Snake ‘n’ Bacon’s Cartoon Cabaret
Michael Kupperman, writer/artist
Harper Entertainment, 2000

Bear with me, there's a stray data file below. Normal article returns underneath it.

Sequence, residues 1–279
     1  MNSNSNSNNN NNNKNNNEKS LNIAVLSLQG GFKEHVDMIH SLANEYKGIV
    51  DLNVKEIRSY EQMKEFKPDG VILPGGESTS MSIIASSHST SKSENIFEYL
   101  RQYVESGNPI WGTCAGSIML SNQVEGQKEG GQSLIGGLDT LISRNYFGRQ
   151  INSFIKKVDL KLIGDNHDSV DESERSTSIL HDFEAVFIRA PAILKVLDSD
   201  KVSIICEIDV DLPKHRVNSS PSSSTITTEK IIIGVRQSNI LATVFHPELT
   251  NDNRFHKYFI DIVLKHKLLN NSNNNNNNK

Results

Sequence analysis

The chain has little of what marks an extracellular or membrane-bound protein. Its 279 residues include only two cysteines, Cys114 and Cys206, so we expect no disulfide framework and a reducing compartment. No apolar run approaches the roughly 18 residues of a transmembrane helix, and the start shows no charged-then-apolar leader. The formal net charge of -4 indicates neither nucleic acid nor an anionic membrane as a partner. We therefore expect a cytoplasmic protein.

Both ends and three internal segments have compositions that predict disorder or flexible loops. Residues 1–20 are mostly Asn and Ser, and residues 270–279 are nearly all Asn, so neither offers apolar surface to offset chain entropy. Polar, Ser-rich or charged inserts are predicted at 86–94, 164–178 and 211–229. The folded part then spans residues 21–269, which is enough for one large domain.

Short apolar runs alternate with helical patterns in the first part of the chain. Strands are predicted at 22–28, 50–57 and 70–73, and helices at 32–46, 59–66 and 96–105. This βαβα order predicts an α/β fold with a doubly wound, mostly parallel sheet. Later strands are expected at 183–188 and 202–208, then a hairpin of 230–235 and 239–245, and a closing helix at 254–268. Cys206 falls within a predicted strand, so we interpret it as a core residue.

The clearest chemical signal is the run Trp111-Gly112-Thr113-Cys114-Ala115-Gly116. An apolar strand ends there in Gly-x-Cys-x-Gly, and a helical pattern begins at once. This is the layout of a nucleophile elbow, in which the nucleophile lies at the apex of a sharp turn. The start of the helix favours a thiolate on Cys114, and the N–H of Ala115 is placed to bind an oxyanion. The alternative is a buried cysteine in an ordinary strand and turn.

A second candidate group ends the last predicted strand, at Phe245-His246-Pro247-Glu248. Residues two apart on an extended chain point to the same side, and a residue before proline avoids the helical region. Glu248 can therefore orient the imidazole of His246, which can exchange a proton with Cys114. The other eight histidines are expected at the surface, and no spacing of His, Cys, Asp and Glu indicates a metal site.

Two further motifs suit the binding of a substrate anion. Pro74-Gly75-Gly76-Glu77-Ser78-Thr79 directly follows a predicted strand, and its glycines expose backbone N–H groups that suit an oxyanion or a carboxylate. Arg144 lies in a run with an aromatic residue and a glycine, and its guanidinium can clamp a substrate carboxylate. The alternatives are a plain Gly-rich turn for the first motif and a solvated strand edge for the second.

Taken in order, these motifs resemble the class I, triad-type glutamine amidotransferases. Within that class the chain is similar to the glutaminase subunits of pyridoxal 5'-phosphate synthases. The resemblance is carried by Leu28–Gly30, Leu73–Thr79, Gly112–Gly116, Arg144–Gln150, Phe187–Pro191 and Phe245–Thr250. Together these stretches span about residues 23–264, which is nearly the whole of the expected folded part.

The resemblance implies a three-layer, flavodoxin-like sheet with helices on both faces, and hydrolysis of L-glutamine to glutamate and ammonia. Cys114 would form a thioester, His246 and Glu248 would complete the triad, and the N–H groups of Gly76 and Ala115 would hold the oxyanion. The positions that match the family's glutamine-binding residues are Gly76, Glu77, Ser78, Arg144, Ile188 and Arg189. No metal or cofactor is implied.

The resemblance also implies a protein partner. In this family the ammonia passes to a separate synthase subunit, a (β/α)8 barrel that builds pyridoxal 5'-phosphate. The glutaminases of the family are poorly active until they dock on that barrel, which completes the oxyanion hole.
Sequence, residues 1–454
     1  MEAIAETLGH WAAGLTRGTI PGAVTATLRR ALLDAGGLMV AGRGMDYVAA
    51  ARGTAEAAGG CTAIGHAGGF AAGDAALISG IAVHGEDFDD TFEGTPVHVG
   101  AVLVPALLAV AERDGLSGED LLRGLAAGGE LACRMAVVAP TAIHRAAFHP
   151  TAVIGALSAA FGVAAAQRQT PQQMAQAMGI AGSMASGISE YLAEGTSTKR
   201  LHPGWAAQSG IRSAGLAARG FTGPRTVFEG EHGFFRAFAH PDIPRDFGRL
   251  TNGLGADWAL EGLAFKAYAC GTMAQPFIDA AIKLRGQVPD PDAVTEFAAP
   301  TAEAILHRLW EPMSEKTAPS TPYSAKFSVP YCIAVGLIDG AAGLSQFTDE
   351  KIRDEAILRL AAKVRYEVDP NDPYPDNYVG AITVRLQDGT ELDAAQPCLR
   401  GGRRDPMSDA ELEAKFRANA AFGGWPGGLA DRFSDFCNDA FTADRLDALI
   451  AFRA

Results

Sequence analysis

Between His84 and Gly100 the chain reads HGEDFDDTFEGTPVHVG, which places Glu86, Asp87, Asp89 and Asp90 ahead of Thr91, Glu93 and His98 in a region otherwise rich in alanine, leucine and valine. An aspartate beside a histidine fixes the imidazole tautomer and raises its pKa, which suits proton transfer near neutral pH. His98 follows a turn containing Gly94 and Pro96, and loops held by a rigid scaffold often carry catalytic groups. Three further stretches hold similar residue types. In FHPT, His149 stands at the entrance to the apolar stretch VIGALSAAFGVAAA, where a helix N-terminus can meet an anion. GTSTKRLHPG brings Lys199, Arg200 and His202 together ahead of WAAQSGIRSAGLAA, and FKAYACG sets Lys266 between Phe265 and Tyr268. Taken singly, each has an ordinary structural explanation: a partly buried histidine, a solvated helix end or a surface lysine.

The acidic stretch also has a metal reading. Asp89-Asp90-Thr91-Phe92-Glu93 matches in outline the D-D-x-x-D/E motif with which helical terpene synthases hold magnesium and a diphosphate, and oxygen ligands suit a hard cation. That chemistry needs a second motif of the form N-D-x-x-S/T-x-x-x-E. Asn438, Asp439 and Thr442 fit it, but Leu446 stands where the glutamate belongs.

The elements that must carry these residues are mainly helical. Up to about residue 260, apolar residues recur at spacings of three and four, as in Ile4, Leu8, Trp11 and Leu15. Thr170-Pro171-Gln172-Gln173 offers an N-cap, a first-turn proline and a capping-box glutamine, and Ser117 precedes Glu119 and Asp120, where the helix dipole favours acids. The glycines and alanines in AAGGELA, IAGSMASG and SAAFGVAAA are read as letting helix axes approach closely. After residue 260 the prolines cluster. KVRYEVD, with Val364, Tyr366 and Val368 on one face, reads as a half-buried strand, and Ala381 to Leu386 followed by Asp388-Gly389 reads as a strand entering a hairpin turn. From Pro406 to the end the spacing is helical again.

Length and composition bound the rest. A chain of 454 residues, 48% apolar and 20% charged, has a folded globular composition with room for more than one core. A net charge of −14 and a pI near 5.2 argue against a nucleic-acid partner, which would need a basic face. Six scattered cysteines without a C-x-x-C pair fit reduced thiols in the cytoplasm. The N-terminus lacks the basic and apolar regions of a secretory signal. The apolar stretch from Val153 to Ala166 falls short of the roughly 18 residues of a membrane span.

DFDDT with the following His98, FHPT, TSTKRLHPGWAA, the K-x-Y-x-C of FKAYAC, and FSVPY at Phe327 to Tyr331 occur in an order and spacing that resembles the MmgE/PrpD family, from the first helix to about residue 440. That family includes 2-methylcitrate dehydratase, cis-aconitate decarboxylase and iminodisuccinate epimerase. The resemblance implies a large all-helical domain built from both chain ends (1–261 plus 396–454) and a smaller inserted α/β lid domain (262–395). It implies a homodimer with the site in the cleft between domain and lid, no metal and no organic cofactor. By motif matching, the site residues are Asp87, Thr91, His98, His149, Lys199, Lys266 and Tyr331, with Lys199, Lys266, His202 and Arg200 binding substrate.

Hmm, what’s my “in” here? I could start by saying that Kupperman is a kindred spirit to Terry Gilliam: Gilliam’s animation work for Monty Python repurposed the imagery of Victorian and Edwardian England for surrealist humor and sexual satire, while Kupperman similarly works with visuals from the pulp and adventure publications of pre- and post-War America for surrealist humor (again) and riffs on the absurdity and violence of that culture. I could also say that he draws everything much, much better than he needs to–it’s like if Charles Burns did a book full of super-dense gag strips. I could point out that unlike most of the funnies, these comics truly work as comics, with visuals and text constantly trading off in terms of what’s doing the heavy lifting in getting the jokes across. I could elaborate by saying he’ll go both elaborate and direct with both components–for example, the visual gag at the heart of “Dead End Alley” is unanticipatable and complex, while the punchline panel of “The Cowboy in the Dinner Roll” is exactly what you think it’s gonna be and hammers the laff home with the subtlety of Mjolnir; meanwhile, you get text-heavy pieces like “Murder Makes My Head Hurt” and “From ‘Lives of the Cartoonists'” that take a full page to unspool and reach their pinnacle, but you also get instant-crackup juxtapositions like “Swamp Blanket Bingo,” “Sex Blimps,” “Sherlockules,” and “I Am a Gamera.” I could say that the work he’s doing in Tales Designed to Thrizzle, despite simply being a continuation of everything you’re seeing here, is better overall, but somehow that only makes this book more fun as it becomes rewarding to see how he refines his approach and execution in the later books. But I think I’ll call Michael Kupperman a comic (and comics) genius and leave it at that.